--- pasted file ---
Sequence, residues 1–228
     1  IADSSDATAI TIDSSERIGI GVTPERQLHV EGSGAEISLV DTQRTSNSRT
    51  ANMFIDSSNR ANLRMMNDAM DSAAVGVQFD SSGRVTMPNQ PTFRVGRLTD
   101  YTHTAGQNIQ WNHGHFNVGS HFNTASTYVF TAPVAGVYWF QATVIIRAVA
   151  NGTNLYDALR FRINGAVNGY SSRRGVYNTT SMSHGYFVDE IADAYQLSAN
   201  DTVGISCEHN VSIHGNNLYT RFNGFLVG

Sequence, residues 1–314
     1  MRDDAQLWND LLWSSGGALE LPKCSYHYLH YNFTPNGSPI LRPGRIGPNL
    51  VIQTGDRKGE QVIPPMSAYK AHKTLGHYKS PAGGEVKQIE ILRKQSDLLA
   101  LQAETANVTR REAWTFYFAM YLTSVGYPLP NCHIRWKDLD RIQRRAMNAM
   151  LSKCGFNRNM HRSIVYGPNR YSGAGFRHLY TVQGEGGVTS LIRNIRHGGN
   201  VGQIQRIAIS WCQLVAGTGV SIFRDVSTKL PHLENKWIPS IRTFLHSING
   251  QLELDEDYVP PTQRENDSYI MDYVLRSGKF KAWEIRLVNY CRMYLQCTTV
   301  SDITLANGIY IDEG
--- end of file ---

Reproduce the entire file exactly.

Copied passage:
Sequence, residues 1–228
     1  IADSSDATAI TIDSSERIGI GVTPERQLHV EGSGAEISLV DTQRTSNSRT
    51  ANMFIDSSNR ANLRMMNDAM DSAAVGVQFD SSGRVTMPNQ PTFRVGRLTD
   101  YTHTAGQNIQ WNHGHFNVGS HFNTASTYVF TAPVAGVYWF QATVIIRAVA
   151  NGTNLYDALR FRINGAVNGY SSRRGVYNTT SMSHGYFVDE IADAYQLSAN
   201  DTVGISCEHN VSIHGNNLYT RFNGFLVG

Sequence, residues 1–314
     1  MRDDAQLWND LLWSSGGALE LPKCSYHYLH YNFTPNGSPI LRPGRIGPNL
    51  VIQTGDRKGE QVIPPMSAYK AHKTLGHYKS PAGGEVKQIE ILRKQSDLLA
   101  LQAETANVTR REAWTFYFAM YLTSVGYPLP NCHIRWKDLD RIQRRAMNAM
   151  LSKCGFNRNM HRSIVYGPNR YSGAGFRHLY TVQGEGGVTS LIRNIRHGGN
   201  VGQIQRIAIS WCQLVAGTGV SIFRDVSTKL PHLENKWIPS IRTFLHSING
   251  QLELDEDYVP PTQRENDSYI MDYVLRSGKF KAWEIRLVNY CRMYLQCTTV
   301  SDITLANGIY IDEG